In practice, no diode is an Ideal diode, this means neither it acts as a perfect conductor when forward biased nor it acts as an insulator when it is reverse biased. In other words, an actual diode offers a very small resistance (not zero) when forward biased and is called a forward resistance.
Whereas, it offers a very high resistance (not infinite) when reverse biased and is called as a reverse resistance.
The various resistances of a diode are as follows:
Under the forward biased condition, the opposition offered by a diode to the forward current is known as forward resistance. The forward current flowing through a diode may be constant, i.e., direct current or changing i.e., alternating current. The forward resistance is classified as Static Forward Resistance and Dynamic Forward Resistance.
Static or DC Forward Resistance
The opposition offered by a diode to the direct current flowing forward bias condition is known as its DC forward resistance or Static Resistance. It is measured by taking the ratio of DC voltage across the diode to the DC current flowing through it.
The forward characteristic of a diode is shown below:
Dynamic or AC Forward Resistance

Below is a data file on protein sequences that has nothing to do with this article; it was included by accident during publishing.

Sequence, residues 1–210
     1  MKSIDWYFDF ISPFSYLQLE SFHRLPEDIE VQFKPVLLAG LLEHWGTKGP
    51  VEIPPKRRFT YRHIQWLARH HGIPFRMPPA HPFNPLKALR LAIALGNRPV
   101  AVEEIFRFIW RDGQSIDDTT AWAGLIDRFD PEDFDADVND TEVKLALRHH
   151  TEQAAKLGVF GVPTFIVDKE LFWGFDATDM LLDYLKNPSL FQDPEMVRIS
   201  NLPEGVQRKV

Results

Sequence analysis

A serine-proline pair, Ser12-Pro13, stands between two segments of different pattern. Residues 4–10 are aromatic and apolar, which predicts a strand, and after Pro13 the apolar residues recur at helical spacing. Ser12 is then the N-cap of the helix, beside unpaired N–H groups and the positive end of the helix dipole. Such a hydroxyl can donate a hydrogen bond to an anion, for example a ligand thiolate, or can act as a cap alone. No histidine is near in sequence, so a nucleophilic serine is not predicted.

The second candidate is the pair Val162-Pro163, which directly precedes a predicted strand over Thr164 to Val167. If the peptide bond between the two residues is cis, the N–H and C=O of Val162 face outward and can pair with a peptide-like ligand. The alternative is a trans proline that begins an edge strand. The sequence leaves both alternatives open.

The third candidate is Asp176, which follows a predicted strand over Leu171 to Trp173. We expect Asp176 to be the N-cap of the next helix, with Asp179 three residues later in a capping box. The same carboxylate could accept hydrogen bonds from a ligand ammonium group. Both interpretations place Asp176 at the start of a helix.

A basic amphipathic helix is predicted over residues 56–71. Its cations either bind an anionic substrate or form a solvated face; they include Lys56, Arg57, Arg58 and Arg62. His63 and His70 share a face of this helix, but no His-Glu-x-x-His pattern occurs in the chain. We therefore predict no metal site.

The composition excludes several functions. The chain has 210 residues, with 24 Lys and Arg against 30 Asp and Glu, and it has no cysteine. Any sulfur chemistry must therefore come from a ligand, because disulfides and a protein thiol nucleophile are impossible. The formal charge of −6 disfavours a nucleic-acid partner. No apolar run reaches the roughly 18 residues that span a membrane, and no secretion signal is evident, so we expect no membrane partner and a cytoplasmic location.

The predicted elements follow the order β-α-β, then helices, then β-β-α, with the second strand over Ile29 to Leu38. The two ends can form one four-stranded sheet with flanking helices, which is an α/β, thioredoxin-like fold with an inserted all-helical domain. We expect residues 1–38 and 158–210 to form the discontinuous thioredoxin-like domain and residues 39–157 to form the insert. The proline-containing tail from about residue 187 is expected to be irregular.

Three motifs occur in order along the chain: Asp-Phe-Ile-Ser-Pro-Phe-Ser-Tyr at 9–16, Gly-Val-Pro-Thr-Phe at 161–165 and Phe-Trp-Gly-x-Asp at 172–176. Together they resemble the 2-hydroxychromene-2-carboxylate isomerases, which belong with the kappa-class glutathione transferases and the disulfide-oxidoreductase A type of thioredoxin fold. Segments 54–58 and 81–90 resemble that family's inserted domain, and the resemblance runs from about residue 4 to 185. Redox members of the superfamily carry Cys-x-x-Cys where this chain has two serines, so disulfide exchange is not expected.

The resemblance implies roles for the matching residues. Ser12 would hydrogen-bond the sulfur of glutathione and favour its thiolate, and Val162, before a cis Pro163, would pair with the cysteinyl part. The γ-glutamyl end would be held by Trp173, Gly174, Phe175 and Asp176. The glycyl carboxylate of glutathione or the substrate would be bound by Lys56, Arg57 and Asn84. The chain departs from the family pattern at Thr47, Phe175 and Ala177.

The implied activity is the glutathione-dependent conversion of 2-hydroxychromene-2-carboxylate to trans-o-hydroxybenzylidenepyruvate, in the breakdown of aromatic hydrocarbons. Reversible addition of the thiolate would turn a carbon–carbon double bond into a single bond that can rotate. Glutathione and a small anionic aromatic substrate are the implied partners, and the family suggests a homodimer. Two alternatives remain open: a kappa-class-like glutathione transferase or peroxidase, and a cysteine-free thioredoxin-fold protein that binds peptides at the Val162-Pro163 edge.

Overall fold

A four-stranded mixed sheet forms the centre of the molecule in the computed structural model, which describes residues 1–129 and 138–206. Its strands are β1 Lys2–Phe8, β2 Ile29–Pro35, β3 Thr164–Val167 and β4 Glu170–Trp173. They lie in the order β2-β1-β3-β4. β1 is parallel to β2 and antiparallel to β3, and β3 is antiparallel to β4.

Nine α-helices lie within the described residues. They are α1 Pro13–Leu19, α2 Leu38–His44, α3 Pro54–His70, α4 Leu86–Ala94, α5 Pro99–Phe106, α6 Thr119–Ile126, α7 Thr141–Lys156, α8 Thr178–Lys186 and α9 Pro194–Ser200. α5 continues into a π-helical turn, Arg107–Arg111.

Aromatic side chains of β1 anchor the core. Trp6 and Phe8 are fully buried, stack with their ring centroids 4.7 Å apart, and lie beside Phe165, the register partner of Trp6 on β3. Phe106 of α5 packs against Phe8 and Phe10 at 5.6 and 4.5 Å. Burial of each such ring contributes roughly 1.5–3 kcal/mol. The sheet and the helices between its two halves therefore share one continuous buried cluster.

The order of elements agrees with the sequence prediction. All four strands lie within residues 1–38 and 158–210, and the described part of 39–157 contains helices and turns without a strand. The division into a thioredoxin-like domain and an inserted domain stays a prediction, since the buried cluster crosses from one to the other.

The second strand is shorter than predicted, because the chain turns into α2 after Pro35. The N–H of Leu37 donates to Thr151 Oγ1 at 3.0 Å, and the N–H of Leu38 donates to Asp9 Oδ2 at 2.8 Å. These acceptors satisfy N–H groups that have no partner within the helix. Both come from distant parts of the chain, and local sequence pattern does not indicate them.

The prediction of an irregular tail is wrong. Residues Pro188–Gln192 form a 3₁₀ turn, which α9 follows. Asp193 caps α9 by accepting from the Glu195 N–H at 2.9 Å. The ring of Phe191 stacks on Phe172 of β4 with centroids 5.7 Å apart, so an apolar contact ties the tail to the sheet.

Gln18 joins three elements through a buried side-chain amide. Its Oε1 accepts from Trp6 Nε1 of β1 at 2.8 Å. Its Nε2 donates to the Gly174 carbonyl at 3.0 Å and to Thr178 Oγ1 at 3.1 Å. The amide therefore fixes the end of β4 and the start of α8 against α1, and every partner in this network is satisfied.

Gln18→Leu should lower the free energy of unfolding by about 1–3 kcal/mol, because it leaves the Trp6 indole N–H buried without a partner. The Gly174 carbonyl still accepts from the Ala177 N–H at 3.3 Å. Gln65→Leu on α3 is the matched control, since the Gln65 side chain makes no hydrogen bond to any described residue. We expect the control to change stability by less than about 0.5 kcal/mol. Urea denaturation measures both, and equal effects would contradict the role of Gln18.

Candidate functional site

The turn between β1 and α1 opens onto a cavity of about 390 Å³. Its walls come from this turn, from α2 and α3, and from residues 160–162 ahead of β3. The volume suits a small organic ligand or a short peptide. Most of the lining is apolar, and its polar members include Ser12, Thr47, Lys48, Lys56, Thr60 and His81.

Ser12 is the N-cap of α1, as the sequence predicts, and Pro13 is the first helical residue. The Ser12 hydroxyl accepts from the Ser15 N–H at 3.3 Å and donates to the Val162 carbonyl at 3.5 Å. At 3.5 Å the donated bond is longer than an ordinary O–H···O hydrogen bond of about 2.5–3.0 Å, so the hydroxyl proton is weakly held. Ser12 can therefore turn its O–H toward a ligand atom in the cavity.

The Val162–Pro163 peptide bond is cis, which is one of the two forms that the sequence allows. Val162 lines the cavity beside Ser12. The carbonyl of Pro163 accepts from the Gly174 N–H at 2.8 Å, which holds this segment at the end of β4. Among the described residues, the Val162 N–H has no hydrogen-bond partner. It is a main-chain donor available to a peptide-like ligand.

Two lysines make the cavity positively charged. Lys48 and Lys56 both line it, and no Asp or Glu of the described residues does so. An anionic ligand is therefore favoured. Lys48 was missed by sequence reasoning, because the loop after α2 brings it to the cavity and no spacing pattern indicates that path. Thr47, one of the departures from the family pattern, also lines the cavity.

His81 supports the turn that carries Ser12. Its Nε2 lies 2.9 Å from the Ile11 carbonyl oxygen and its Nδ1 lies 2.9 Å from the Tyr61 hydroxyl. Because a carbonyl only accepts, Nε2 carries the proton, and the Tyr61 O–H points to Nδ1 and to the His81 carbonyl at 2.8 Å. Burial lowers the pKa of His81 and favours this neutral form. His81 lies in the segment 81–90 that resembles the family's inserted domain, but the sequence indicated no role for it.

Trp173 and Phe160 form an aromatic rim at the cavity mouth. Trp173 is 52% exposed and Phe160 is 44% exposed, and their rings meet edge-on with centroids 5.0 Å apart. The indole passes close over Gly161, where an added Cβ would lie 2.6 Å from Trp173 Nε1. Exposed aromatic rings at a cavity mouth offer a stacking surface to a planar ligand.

The opposition offered by a diode to the changing current flow I, in forward biased condition is known as its AC Forward Resistance. It is measured by a ratio of change in voltage across the diode to the resulting change in current through it.
From the figure A above, it is clear that for an operating point P the AC forward resistance is determined by varying the forward voltage (CE) on both the sides of the operating point equally and measuring the corresponding forward current (DF).
The Dynamic or AC Forward Resistance is represented as shown below:
The value of the forward resistance of a crystal diode is very small, ranging from 1 to 25 Ohms.
Reverse Resistance (RR)
Under the Reverse biased condition, the opposition offered by the diode to the reverse current is known as Reverse Resistance. Ideally, the reverse resistance of a diode is considered to be infinite. However, in actual practice, the reverse resistance is not infinite because diode conducts a small leakage current (due to minority carriers) when reverse biased.
The value of reverse resistance is very large as compared to forward resistance. The ratio of reverse to forward resistance is 1 00 000 : 1 for silicon diodes, whereas it is 40 000 : 1 for germanium diode.